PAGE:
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Folk Alley's 10 Favorite Albums Of 2015

Jason Isbell's <em>Something More Than Free</em> was one of our favorite folk recordings of 2015.
Adam Kissick for NPR
Jason Isbell's Something More Than Free was one of our favorite folk recordings of 2015.

Anna & Elizabeth

These simple, stripped-down, raw, traditional Appalachian ballads, hymns and story-songs are delivered with beautifully blended harmonies. Anna Roberts-Gevalt and Elizabeth LaPrelle are on a mission to shine new light on old songs and pass the tradition to a new generation. This is pure folk music — it doesn't get much better than this. (Linda Fahey)


Reckless Skyline

Caitlin Canty was one of my favorite new discoveries of 2015. Her voice is beautiful. Her songwriting is thoughtful and her musicianship, from her own performance to the musicians with whom she surrounds herself on Reckless Skyline (Jeffrey Foucault produced it), is top-notch. (Elena See)


Under Branch & Thorn & Tree

With her voice, melodies and storytelling, Shawnee, Okla., native Samantha Crain is an artist whose songs consistently draw me in. On Under Branch & Thorn & Tree, these aren't feel-good tunes, but they're honest reflections of the world and people she observes. They're real stories about real people, often told from the perspective of the underdog. (Linda Fahey)


Birds Say

I didn't know much about Darlingside before this album. And what I did know... I just thought it was kind of blandly pleasing music. Wrong! Birds Say made me sit up and pay attention to this band. There's something about Darlingside's harmonies that makes me wish I'd been around for the heyday of bands like The Byrds. (Elena See)


Tomorrow Is My Turn

Normally, an album of cover songs is automatically out of consideration for my year-end best-of list, but this album by Carolina Chocolate Drops founder Rhiannon Giddens (produced by T-Bone Burnett) is exceptional. Giddens' powerful vocals own these songs: Whether folk, blues, gospel, country or jazz, she embodies each track and delivers a fresh interpretation. My album of the year, it'll live in my personal rotation for years to come. (Linda Fahey)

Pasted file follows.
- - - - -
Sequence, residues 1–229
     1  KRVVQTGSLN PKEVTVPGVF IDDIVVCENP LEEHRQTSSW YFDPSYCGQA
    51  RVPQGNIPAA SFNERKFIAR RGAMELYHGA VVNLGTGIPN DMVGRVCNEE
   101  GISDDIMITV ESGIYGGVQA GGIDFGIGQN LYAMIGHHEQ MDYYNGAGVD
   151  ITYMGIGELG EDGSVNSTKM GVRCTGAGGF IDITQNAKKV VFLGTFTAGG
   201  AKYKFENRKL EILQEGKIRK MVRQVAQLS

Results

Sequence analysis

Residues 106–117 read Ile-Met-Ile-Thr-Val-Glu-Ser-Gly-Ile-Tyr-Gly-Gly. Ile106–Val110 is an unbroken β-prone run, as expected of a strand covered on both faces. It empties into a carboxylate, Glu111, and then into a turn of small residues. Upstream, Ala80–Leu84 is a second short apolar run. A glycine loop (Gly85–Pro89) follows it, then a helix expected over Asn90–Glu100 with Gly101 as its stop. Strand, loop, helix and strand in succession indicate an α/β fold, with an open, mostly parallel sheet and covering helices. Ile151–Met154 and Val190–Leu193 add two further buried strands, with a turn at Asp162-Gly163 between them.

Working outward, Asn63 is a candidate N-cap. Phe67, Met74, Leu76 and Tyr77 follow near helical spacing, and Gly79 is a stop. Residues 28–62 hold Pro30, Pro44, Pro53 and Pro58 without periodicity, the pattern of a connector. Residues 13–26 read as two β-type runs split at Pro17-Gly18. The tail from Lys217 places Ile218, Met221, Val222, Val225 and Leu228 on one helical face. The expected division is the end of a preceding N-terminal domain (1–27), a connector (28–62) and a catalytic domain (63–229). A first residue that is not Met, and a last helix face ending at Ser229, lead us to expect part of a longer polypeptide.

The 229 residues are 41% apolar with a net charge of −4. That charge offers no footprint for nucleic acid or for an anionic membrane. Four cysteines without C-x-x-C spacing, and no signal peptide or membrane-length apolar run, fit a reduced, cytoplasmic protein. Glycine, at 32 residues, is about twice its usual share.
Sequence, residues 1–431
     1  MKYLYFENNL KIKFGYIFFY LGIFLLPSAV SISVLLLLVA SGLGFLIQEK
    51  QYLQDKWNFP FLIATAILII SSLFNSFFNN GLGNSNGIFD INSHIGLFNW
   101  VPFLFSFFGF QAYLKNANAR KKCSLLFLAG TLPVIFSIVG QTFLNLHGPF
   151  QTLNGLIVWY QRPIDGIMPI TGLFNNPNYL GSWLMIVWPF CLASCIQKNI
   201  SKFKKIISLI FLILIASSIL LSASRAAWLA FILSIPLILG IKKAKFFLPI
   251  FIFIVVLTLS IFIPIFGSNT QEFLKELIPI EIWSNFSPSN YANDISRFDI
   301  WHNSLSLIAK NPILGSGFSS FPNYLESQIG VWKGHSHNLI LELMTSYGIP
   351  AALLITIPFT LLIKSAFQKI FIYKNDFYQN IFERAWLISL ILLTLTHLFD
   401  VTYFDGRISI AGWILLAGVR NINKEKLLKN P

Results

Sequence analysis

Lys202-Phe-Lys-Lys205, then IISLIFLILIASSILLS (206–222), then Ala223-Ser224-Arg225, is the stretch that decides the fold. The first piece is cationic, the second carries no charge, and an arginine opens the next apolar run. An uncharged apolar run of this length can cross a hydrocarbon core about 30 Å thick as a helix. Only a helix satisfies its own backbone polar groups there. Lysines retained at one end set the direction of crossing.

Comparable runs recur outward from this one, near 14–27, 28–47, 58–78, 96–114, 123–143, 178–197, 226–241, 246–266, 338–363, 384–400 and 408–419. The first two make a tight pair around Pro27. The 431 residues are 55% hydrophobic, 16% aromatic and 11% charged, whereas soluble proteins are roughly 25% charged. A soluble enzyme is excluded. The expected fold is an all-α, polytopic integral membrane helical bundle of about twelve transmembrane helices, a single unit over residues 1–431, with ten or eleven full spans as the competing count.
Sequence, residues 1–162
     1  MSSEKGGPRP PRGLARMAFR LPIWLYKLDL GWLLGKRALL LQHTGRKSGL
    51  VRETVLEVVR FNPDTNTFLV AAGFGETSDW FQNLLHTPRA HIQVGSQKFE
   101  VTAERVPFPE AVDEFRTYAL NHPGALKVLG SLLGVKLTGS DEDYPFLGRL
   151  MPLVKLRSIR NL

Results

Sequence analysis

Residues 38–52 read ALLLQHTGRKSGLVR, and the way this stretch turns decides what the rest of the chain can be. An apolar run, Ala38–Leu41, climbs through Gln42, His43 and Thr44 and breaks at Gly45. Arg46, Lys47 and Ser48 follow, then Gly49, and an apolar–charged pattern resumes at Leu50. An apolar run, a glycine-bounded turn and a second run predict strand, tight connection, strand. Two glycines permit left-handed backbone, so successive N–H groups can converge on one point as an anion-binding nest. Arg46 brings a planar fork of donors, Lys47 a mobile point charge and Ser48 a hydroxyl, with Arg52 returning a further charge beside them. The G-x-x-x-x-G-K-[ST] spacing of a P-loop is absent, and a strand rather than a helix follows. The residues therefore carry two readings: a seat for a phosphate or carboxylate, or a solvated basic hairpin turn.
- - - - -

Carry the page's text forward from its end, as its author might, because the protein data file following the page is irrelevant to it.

Didn't It Rain

I've been a fan of Amy Helm's for a long time. I loved her band Ollabelle, and when I read that she was going to release her debut solo album earlier this year, I just closed my eyes and said a silent, "Thank you." Her voice is so huge and powerful that words fail. (Elena See)


Something More Than Free

I was wary of this album after Jason Isbell's career highlight Southeastern, I admit, but I somehow like this one even more. Isbell is a master storyteller, spinning tales I will always want to hear. (Elena See)


The Fade In Time

London artist and song collector Sam Lee applies fresh, brilliant, unique arrangements to ancient songs from the European Traveller and Gypsy cultures. Utterly engaging, they'll keep me coming back to this album for years to come. I can't stop listening to "Jonny O' The Brine," one of the many songs passed to Lee by his mentor Stanley Robertson, himself the nephew of legendary Scottish Traveller and folksinger Jeanie Robertson. (Linda Fahey)


Bright As You Can

Besides Ruth Ungar's amazing voice, the lyrics on this album are incredibly thoughtful — they're carefully crafted, without a word or phrase out of place. From rollicking good times to more tender reflections, Bright As You Can is a winner. (Elena See)


Lost At Last

This all-instrumental album from the Asheville, N.C., trio grabbed me from the first listen. I was expecting a newgrass/jamgrass album, but this collection goes beyond that. Jon Stickley (guitar), Lyndsay Pruett (fiddle) and Patrick Armitage (drum) blend musical influences that include bluegrass, Gypsy jazz and hip-hop while performing with fiery virtuosity that's fun and accessible. One of my favorite new bands of 2015, not to mention my road-trip album of the year. (Linda Fahey)

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